Saturday, February 4, 2017

Acclimating to my large life living tiny in Eastern Oregon

It’s a balmy 37 degrees today. We’re having a heatwave in Eastern Oregon. For the first time in a couple of months, the temperature has risen above freezing. As I’ve been walking outside today, I’ve worn a flannel shirt, but decided it wasn’t cold enough to warrant a coat, hat or gloves. That’s when I realized I’ve acclimated to life in the foothills of the Elkhorn Mountains.

We live at about 3,600 feet. Where it hasn’t been plowed, our accumulated snow is thigh high. The top rails of the fences are nearly buried in snow. And yet still it comes down. The Mountain Man has spent hours plowing the long driveway with his green John Deere tractor. It’s the first week of February. The groundhog saw his shadow this week. We are guaranteed for many more weeks of winter. Locals tell me this the hardest, coldest winter they’ve had in 40 years.

Inside our tiny home—a 323 square-foot camper, the temperature has soared to a toasty 63 degrees. It’s so warm today that we don’t need to turn on the propane furnace. Instead, two radiator-type electric heaters keep the temperature comfortable.

Here are some things I’ve learned after living for five months in Eastern Oregon:

  • Be prepared to drive in severe weather and really scary road conditions. I grew up on a farm in Northeastern Washington, but our roads were not as challenging as what I’ve faced on my daily commute into La Grande, 26 miles away. The freeway is often closed due to icy roads, and blowing snow that causes white-out conditions. On the way to work yesterday, I drove 35 miles per hour with my flashers on in a driving snowstorm. The snow was blowing so hard that I could barely see the road. Out here, the snowbanks drift quickly and you can get pulled into one and then you’re stuck. Yesterday after work, the freeway was closed, so I had to take the long way home through Union and Pyle’s Canyon. In some places, the snow was blowing so hard across the road that I had to stop and find the road again.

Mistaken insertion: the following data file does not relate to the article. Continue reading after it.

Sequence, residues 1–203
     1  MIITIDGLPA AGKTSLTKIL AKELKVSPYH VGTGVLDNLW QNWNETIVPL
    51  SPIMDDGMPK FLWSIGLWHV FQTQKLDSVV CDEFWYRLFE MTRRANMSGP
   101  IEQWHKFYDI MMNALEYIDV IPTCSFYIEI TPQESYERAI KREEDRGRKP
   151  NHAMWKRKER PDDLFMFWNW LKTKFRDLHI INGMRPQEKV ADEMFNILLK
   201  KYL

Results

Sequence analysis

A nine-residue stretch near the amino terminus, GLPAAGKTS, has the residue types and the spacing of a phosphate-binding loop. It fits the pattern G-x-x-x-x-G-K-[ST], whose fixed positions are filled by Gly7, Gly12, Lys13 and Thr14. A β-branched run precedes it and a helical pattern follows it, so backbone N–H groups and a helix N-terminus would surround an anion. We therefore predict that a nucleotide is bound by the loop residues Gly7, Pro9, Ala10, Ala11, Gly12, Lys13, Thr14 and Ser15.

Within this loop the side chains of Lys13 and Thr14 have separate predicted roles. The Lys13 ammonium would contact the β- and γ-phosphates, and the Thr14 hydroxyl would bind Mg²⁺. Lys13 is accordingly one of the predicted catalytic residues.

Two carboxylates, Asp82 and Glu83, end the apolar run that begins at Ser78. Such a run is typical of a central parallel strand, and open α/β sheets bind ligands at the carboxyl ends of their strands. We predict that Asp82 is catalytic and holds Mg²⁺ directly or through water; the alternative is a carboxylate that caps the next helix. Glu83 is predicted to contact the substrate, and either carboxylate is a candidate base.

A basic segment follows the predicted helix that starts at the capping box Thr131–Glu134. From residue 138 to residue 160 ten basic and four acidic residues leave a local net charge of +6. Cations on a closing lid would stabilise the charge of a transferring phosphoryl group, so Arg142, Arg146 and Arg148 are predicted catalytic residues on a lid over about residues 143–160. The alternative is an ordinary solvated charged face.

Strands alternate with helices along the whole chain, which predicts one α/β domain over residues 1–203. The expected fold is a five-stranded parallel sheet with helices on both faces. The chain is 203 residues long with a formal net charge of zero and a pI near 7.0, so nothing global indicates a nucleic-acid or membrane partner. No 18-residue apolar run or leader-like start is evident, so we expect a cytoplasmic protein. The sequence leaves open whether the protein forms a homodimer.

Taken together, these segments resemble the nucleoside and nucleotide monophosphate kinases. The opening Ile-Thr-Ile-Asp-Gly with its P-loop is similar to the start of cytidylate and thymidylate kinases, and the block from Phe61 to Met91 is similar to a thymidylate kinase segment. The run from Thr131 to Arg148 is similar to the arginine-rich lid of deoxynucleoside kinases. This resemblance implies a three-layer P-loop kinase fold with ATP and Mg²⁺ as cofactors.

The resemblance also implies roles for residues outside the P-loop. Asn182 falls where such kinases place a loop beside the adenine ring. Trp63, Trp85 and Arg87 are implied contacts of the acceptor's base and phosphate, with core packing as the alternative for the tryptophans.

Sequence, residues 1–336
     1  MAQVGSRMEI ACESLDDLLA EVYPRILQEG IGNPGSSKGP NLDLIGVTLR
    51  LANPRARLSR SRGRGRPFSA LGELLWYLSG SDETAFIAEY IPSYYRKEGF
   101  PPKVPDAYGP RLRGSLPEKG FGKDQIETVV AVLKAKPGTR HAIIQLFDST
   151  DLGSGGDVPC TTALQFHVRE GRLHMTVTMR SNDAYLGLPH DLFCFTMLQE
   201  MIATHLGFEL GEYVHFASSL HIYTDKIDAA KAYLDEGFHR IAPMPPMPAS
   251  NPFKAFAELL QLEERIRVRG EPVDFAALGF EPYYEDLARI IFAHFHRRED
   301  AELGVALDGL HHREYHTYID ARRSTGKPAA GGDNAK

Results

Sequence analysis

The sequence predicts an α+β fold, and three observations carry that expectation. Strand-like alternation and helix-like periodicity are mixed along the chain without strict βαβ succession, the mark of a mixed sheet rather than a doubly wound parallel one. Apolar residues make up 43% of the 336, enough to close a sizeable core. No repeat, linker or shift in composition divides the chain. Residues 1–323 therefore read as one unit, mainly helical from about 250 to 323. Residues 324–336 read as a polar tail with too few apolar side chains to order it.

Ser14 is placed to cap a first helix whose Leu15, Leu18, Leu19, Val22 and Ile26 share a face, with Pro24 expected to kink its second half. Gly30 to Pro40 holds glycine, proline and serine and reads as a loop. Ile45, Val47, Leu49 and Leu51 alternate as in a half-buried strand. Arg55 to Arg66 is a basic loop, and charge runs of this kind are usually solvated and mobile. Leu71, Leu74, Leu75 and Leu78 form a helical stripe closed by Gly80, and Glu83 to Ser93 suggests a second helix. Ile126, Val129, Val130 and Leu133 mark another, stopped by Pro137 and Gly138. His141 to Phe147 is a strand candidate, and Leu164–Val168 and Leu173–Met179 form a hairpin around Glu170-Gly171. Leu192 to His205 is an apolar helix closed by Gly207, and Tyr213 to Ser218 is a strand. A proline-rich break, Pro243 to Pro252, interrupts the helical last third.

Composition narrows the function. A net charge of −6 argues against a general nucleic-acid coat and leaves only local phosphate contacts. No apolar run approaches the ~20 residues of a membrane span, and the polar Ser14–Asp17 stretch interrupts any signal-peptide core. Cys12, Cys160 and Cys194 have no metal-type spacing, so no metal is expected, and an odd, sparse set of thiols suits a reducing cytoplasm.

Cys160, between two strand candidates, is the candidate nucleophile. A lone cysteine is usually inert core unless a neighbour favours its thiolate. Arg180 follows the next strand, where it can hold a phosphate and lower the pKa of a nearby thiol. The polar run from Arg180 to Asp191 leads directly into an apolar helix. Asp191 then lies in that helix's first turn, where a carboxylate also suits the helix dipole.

• Be prepared to be stranded in a snowstorm—and be prepared to dig myself out. The Mountain Man’s dad encouraged me to keep my gas tank full in case I get stuck in a snowbank all night and I have to keep my motor running to keep from freezing. In my Subaru Forester I keep a snow shovel, broom, long-handled ice scraper, tire chains, snow pants, heavy gloves, hat, down vest and coat in case I get pulled into a snowbank and have to dig myself out. I use the broom to sweep snow accumulation from my car in the morning. I wear my sensible, warm snow boots wherever I go. When I get to work, I change to clogs.
  •  I keep emergency rations in my Subaru in case I get stuck in the snow overnight and have to wait until morning for help: granola bars, trail mix and a bottle of water. It immediately froze. I also have an LED flashlight that doesn’t use batteries, but is powered by winding it up.
  • When you're driving, keep an eye out for critters that might run into the road. On my first day of work, I encountered a rancher moving cattle along the road. But more often, I encounter deer, quail, wild turkeys and other wildlife crossing the road. 
  • When it was -6 degrees outside, it was getting pretty chilly inside our little camper. One brisk morning I tried to pull a fleece jacket from my closet, but it was so cold inside our house that the jacket was frozen to the closet wall. When I pulled it loose, it was covered with a layer of frost.
  • For the past two months, we have kept a faucet running to prevent our water pipes from freezing. The Mountain Man also bought a heated hose and wrapped the pipes at the source in insulation.
  •  To insulate our little camper we positioned a thick layer of straw bales all around the outside of our camper. And now, accumulated snow reaches up to the windows, adding another layer of insulation.
  •  I am grateful to concerned family members who sent us gear to keep us warm. Doug and Tara sent us slippers and a heated throw for our tiny sofa. It’s glorious to sit underneath it, drink cocoa and watch a movie. Kalyn and Mat sent us a heated mattress pad with dual controls. I turn that baby up before climbing into bed, and I have toasty toes. Mom sent me thermal top and leggings for my birthday because she’s my mommy and she worries that I’ll freeze.
  • Dress for the weather. Soft flannel shirts and down vests are a must. Keep your head covered to regulate your temperature. l ordered a beautiful handmade wool hat from my dear friend, Jean Jones, a Chewelah friend. My hat rarely leaves my head these days. Even when I’m inside.
  • Sometimes when we get up in the morning, it’s 38 degrees inside. At first, it was a shock to my system, but I’m used to it now. Turning on the propane furnace quickly heats our little home to a toasty 55 degrees. And sometimes, we even heat it to 60. A cup of hot coffee and oatmeal helps heat me up on cold mornings too.
  • Be prepared to be dazzled by gorgeous, sweeping landscapes, the immense starry skies and the kindness of the people.
  • Learn to look for the wonder all around, and you won’t be disappointed.

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